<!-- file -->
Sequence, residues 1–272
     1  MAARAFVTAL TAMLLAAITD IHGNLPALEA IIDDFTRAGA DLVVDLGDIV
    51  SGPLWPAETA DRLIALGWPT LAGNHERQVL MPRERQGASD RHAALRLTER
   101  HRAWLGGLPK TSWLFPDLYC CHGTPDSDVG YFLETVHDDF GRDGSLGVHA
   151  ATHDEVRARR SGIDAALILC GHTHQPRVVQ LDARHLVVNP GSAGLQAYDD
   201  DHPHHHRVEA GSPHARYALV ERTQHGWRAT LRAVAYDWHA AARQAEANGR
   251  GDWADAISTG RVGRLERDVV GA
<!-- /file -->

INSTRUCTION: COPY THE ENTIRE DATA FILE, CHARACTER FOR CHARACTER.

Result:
Sequence, residues 1–272
     1  MAARAFVTAL TAMLLAAITD IHGNLPALEA IIDDFTRAGA DLVVDLGDIV
    51  SGPLWPAETA DRLIALGWPT LAGNHERQVL MPRERQGASD RHAALRLTER
   101  HRAWLGGLPK TSWLFPDLYC CHGTPDSDVG YFLETVHDDF GRDGSLGVHA
   151  ATHDEVRARR SGIDAALILC GHTHQPRVVQ LDARHLVVNP GSAGLQAYDD
   201  DHPHHHRVEA GSPHARYALV ERTQHGWRAT LRAVAYDWHA AARQAEANGR
   251  GDWADAISTG RVGRLERDVV GA